Kreayshawn gets misbranded

Kreayshawn promo photo

Gucci Gucci creator Kreayshawn has cinematic talents beyond her up-and-down rap career.

Singer Kreayshawn DOESN’T wear Gucci. “Some people are like, ‘Why does Kreayshawn love Gucci and Louis (Vuitton?). That’s all she wears.’ But they didn’t listen to the song, because it’s opposite of that.”



By: Nick Krewen Special to the Star, Published on Fri Nov 16 2012

Gucci probably loves Bay Area rapper Kreayshawn . . . and hates her at the same time.

There’s no denial that Kreayshawn’s breakthrough video “Gucci Gucci” — a viral sensation that logged over 39 million views since it debuted last year — has generated further consumer interest in the Italian fashion and leather-goods house; any publicity is good publicity.

Kreayshawn promo photo

You’d have to think that either directly or indirectly, the song has helped add some more coffers to the company’s annual multibillion-dollar bottom line, by name association alone.

But the 23-year-old rapper and video director, born Natassia Gail Zolot, doesn’t see it that way.

Kreayshawn, who performs at the Hoxton on Bathurst St. on Sunday, wrote the song as a dis, and cites the popularity of the song for those who “got it” as a tacit condemnation of a corporate brand.

“I think it’s because the majority of the world hates major labels as far as clothing,” Kreayshawn sniffed via phone from Maryland. “And everyone could relate to it because everyone hates Gucci. It’s the worst clothing line ever.”
“And some people are like, ‘Why does Kreayshawn love Gucci and Louis (Vuitton?). That’s all she wears.’ But they didn’t listen to the song, because it’s opposite of that.”

At this juncture, it should be pointed out that the jury is still very much out on Kreayshawn, whose debut album Somethin ’Bout Kreay drew less than impressive first-week sales numbers of 3,900 copies in the States (as reported by when released in late September.

Even though her current single, “Go Hard,” has also accumulated millions of views, thanks to a fetching piece of self-directed cinematic eye candy that includes animal-costumed characters and Japanese-inspired animation, Kreayshawn — perhaps rap’s hybrid version of Ke$ha and Rebecca Black, due to her monotone delivery and the carefree chip on her shoulder — hasn’t set the world afire.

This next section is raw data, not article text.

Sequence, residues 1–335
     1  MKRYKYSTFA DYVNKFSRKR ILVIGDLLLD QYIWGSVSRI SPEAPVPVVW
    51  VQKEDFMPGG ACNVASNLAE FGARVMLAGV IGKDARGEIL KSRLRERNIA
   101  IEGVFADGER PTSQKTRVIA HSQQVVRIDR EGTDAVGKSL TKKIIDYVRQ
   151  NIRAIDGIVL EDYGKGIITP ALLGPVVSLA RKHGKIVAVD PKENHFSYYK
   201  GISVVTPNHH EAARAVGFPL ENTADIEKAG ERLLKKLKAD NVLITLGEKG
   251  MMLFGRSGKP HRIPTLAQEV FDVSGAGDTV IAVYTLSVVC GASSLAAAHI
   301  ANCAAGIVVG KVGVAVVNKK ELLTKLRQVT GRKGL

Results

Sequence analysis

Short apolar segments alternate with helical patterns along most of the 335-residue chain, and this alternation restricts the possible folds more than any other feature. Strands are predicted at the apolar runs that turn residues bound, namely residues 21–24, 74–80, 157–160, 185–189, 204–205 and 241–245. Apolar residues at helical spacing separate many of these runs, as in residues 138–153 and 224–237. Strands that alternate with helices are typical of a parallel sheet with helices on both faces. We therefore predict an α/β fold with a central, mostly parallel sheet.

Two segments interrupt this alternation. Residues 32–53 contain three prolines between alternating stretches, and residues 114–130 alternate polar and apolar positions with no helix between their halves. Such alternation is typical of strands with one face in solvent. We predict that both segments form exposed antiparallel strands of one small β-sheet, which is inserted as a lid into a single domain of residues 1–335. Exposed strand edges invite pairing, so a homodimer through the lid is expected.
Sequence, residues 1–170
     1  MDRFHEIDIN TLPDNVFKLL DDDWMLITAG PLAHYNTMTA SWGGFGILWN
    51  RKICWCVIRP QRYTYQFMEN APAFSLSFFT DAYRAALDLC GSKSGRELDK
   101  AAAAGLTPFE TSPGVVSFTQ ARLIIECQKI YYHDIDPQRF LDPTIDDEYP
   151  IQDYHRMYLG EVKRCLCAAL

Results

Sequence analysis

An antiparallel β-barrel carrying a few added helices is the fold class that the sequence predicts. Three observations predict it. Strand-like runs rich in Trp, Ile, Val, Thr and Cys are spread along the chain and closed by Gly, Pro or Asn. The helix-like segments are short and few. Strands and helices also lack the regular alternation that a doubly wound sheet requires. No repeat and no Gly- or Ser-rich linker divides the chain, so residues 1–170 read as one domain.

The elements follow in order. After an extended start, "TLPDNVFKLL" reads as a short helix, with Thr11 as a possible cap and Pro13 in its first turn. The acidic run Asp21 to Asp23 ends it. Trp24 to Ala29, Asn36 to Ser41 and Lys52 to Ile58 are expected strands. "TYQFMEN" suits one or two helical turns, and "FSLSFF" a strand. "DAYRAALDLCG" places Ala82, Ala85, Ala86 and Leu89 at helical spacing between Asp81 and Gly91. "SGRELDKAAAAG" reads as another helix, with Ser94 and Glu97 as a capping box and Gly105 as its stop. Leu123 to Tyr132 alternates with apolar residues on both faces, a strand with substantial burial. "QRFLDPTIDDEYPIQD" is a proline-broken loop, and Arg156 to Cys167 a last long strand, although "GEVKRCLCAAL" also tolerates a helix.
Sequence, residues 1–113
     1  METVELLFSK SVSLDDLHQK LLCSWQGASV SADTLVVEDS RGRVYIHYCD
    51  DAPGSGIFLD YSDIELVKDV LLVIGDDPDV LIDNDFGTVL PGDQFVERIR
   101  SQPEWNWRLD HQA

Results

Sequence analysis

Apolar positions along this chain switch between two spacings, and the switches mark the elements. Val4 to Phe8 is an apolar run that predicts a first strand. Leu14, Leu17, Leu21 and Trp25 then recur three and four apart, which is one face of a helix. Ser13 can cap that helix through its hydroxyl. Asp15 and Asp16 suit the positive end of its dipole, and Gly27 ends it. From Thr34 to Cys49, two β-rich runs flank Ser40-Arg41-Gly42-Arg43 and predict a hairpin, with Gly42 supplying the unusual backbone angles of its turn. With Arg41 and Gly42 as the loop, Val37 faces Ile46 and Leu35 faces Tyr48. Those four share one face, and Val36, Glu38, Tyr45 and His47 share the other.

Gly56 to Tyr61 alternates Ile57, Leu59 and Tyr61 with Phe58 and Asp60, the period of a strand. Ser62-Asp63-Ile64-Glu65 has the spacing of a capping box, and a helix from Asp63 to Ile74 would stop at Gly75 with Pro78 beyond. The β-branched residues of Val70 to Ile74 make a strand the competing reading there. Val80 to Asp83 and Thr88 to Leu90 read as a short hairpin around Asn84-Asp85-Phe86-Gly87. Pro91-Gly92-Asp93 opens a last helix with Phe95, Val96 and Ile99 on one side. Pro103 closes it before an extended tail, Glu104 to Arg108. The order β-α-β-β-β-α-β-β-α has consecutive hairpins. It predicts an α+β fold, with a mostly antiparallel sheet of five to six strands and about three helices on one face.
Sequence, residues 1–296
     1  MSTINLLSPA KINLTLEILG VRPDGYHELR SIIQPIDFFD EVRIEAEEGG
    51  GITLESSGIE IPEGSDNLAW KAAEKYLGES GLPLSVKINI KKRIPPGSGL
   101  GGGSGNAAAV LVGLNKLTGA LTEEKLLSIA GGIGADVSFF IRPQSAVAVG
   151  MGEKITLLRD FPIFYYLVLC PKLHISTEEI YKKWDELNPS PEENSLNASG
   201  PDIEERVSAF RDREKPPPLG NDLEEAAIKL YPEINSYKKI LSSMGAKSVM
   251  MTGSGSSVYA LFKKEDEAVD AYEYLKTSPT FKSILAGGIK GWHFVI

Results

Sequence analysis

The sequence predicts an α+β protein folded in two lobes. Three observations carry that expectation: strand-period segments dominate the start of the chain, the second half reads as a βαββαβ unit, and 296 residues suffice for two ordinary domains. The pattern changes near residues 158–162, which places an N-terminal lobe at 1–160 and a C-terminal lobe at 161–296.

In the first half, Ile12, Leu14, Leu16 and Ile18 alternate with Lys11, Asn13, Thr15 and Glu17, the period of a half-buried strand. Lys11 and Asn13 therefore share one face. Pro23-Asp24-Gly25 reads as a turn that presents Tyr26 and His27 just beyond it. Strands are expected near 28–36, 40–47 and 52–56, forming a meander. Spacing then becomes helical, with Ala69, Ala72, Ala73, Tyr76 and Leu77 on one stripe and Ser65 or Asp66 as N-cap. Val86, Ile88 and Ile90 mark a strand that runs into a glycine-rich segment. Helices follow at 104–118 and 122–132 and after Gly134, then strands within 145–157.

Kreayshawn promo photo

But it is the visual flair for her behind-the-scene talent that stops one from outright dismissing her future potential: in 2011, Kreayshawn flirted with respectability when she submitted a treatment to direct the Red Hot Chili Peppers’ single “The Adventures of Rain Dance Maggie,” and won the gig.

“It was a story about this guy who goes to a rave, and he’s lonely — it’s his first time ever venturing out and he’s getting out the house the first time and some girl drugs him,” explained the high-school dropout from Oakland, Calif., who began shooting her own videos at the age of 10. “He ends up going on a crazy trip — he’s interacting with people in the rain. The Red Hot Chili Peppers are the band playing at the rave. During the breakdown of the song it starts raining in the club, for real, and so we got a huge rain machine. On top of that we were doing graphics, so with him tripping out on drugs, there were going to be cartoon graphics on everything. It was a pretty awesome video.”

Unfortunately, it was never released to the public, as the band thought, from various reports, that the material was “too dark” and opted instead for a safer, rooftop concert video by Marc Klasfeld.

Kreayshawn thinks there was a lot more to it. “Just hella lies and scandal and blah blah blah and white girl rapper this, white girl rapper that . . . I don’t think they wanted their name tied to all the crazy s— that was happening in my career at that moment.”

That “crazy” stuff included a verbal spat with Rick Ross in which she branded him “fake.” The notoriety she earned from that certainly hasn’t helped her predicament, and appearances of Lil Wayne and 2 Chainz in her “Breakfast” video haven’t gained her any traction with the hip-hop faithful, either.

As for her attitude, Kreayshawn is unapologetic . . . although she admits she deserves some of the flak.

“It’s important to know who you are and be confident,” she states. “That’s what the attitude is, right? Everyone should be confident in who they are. And I try not to care at all if someone says something stupid. I’ll just kind of block it out or make a joke out of it. And sometimes someone will say something about me and they’re right. And then you say ‘S—, you’re right!’ You gotta just brush it off.”

Whether Kreayshawn, who recently earned her G.E.D. and attended the Berkeley Digital Film Institute on a scholarship, is about to be brushed off by the general public is anyone’s guess.

Tellingly, after this current string of club dates draws to an end, she says “I think I’m going to take a break and figure out what I want to do with my life. I’m still growing up.”

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